Does winning the Miss America title give the ladies a start on financial success? Or is it just something to list as an extracurricular, like a guy being an Eagle Scout? —Martha
The Miss America title—boy, there’s a much-devalued commodity. Once the pageant was one of the biggest events on television, with 85 million viewers in 1960. Today, ratings have fallen so low the contest briefly lost its big-time network slot and was consigned to basic cable.
Nonetheless, the fact that Miss America has been strutting her stuff since 1921 gives us a chance for a long-term look at whether being officially declared beautiful (and talented, let’s not forget that) pays off. As usual, I delegated the job to my assistant Una; as usual, she made a spreadsheet; and as so often we had acrimony and slammed doors.
The point of contention was the criteria for judging success. Una looked at how the lives of each of the 87 winners from 1921 to 2013 turned out and categorized them as Dismal, Humdrum, Successful and Star. Spreadsheet v1, it seemed to me, betrayed a retrograde notion of what constituted success.
“Una,” I said, “the major lifetime achievement of Norma Smallwood, Miss America 1926, was to marry two millionaires, and you’re categorizing her as a Star. Whereas 1996 winner Shawntel Smith became executive vice president of administration for IT firm PBH Holdings, and you’re calling that Humdrum. What kind of message does that send to young women?”
“Shawntel Smith is married to the rich guy who ran PBH Holdings, which went through numerous reorganizations and name changes and lost hundreds of millions of dollars before he was forced out of the company amid accusations of shady dealing,” Una said. “To me, the message is things haven’t changed much since the 1920s. She’s lucky I didn’t put her down as Dismal.”
“OK, not the best example,” I said. “Just the same, we need a more systematic method of evaluation. Can you give it another go?”
By and by, I received spreadsheet v2. This was an improvement. Miss America winners were now scored on a range of criteria, ranging from “married rich” (hey, we’re realists) to impact in politics, activism and showbiz, plus professional and educational attainment.
The scale of achievement also changed. No Miss America, in Una’s estimation, had led a truly Dismal life. Instead, the continuum of accomplishment started at Meh and ran up through Modest and Successful to Star.
The problem was the results didn’t pass the sanity test. The Miss America winners who had been most conspicuously successful didn’t crack the Stellar ranks. I know you specified financial success, Martha, but I thought we should cast a wider net, including fame and professional distinction in addition to fortune. After much angst, we came up with a measure of the first two commodities, namely, the length of each winner’s Wikipedia entry, on the possibly debatable two-part theory that, A., long entry = noteworthy life = success, and B., Wikipedia = vox populi = voice of God.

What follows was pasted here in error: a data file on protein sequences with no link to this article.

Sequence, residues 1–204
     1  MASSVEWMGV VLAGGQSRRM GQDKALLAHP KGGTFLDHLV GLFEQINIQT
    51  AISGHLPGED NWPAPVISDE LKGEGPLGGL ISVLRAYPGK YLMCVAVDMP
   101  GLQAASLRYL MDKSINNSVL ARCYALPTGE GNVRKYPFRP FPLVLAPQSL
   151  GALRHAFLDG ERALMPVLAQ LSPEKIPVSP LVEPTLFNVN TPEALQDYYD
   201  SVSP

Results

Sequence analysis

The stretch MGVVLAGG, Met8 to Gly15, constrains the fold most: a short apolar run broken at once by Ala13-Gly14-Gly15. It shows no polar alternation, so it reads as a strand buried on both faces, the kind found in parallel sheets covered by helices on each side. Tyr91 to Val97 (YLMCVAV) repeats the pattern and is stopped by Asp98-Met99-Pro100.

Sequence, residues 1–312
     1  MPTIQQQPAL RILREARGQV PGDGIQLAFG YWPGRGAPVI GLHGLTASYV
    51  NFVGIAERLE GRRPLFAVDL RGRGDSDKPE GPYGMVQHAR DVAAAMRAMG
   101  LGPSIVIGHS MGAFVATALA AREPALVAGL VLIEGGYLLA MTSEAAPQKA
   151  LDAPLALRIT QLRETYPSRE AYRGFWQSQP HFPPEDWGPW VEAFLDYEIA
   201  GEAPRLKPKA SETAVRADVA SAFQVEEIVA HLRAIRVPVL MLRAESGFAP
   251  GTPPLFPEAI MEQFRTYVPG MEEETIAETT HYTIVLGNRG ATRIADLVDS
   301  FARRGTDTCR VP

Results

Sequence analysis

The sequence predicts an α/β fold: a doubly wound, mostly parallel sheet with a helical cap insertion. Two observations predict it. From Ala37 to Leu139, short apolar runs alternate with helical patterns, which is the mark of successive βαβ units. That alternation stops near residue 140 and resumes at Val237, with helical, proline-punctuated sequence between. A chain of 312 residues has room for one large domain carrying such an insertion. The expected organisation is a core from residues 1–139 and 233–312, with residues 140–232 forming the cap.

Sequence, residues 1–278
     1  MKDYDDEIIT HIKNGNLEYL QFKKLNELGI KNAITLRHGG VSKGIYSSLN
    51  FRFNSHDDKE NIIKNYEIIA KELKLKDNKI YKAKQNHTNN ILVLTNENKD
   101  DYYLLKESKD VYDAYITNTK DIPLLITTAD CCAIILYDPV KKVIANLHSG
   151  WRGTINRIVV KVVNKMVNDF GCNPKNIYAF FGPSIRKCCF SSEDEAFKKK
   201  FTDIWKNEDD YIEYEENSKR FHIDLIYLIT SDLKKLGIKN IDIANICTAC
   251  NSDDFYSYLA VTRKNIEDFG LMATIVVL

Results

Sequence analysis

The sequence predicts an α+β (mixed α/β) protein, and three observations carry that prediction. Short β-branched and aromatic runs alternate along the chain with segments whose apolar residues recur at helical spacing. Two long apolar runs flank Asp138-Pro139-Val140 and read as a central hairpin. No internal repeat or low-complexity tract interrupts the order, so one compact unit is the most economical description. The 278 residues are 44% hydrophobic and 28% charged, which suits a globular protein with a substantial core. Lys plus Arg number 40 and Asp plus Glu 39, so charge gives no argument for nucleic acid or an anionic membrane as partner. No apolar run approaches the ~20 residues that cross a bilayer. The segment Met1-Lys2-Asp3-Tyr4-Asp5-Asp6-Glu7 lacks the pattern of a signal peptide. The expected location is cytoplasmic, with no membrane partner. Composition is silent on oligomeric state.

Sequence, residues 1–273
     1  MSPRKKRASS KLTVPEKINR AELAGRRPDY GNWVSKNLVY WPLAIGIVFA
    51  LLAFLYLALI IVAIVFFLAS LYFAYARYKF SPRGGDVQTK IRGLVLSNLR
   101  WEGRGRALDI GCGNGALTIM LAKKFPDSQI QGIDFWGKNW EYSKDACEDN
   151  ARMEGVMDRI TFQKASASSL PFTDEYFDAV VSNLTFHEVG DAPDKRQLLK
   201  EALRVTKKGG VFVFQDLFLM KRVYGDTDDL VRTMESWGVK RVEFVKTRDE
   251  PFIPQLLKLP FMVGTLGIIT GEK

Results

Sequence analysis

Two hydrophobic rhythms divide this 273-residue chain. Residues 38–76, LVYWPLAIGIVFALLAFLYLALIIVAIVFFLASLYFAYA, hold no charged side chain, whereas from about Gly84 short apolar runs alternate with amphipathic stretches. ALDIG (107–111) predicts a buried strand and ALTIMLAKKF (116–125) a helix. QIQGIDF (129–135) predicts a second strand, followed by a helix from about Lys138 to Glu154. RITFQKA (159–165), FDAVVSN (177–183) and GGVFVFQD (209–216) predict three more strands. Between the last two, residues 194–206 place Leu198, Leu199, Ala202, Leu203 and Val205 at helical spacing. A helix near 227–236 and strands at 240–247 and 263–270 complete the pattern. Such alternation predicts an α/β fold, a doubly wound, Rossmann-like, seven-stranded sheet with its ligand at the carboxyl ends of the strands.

I’ll spare you the Byzantine methodology by which the above concept was applied and skip straight to the results ultimately produced:
• Meh, 5 percent (3 women)
• Modest, 23 percent (19)
• Successful, 63 percent (55)
• Star, 11 percent (10)
In sum, three-quarters of the Misses America went on to become Successful or better—no surprise, in my opinion. The women were attractive and ambitious and knew how to make an impression. If you can’t parlay that into a comfortable lifestyle, you’re doing something seriously wrong.
Perhaps more interesting is that 1 in 9 became Stars, typically in the Hollywood sense of the term. A sampling:
• Bess Myerson, who won the 1945 title, remained in the public eye for decades, first as a TV game-show regular and later as a New York City public official and politician. (Later still, things went off the rails: she took up with a crook who did time for tax fraud, was forced from office by scandal, and pleaded guilty to shoplifting in 1988.)
• Lee Meriwether, Miss America 1955, has enjoyed a showbiz career that so far has spanned more than 50 years, appearing as Catwoman in the 1966 movie version of Batman and earning several Golden Globe and Emmy nominations.
• Phyllis George, the 1971 winner, became a network sportscaster and, later, morning newsanchor for CBS.
• Vanessa Williams, Miss America 1984, resigned her title under pressure after nude photos of her were published in Penthouse but got past that to become an award-winning actress, model and singer, as detailed in a Wikipedia entry running to more than 5,000 words.
• Gretchen Carlson, the 1989 winner, has hosted Fox & Friends for years and will get her own show on Fox this fall.
Not bad considering we’re talking about a beauty contest. Miss America isn’t the only title that presents opportunities, though. Just ask Oprah Winfrey, who broke into broadcasting after being crowned Nashville’s Miss Fire Prevention of 1971.
Send questions to Cecil via StraightDope.com or write him c/o Chicago Reader, 350 N. Orleans, Chicago 60654.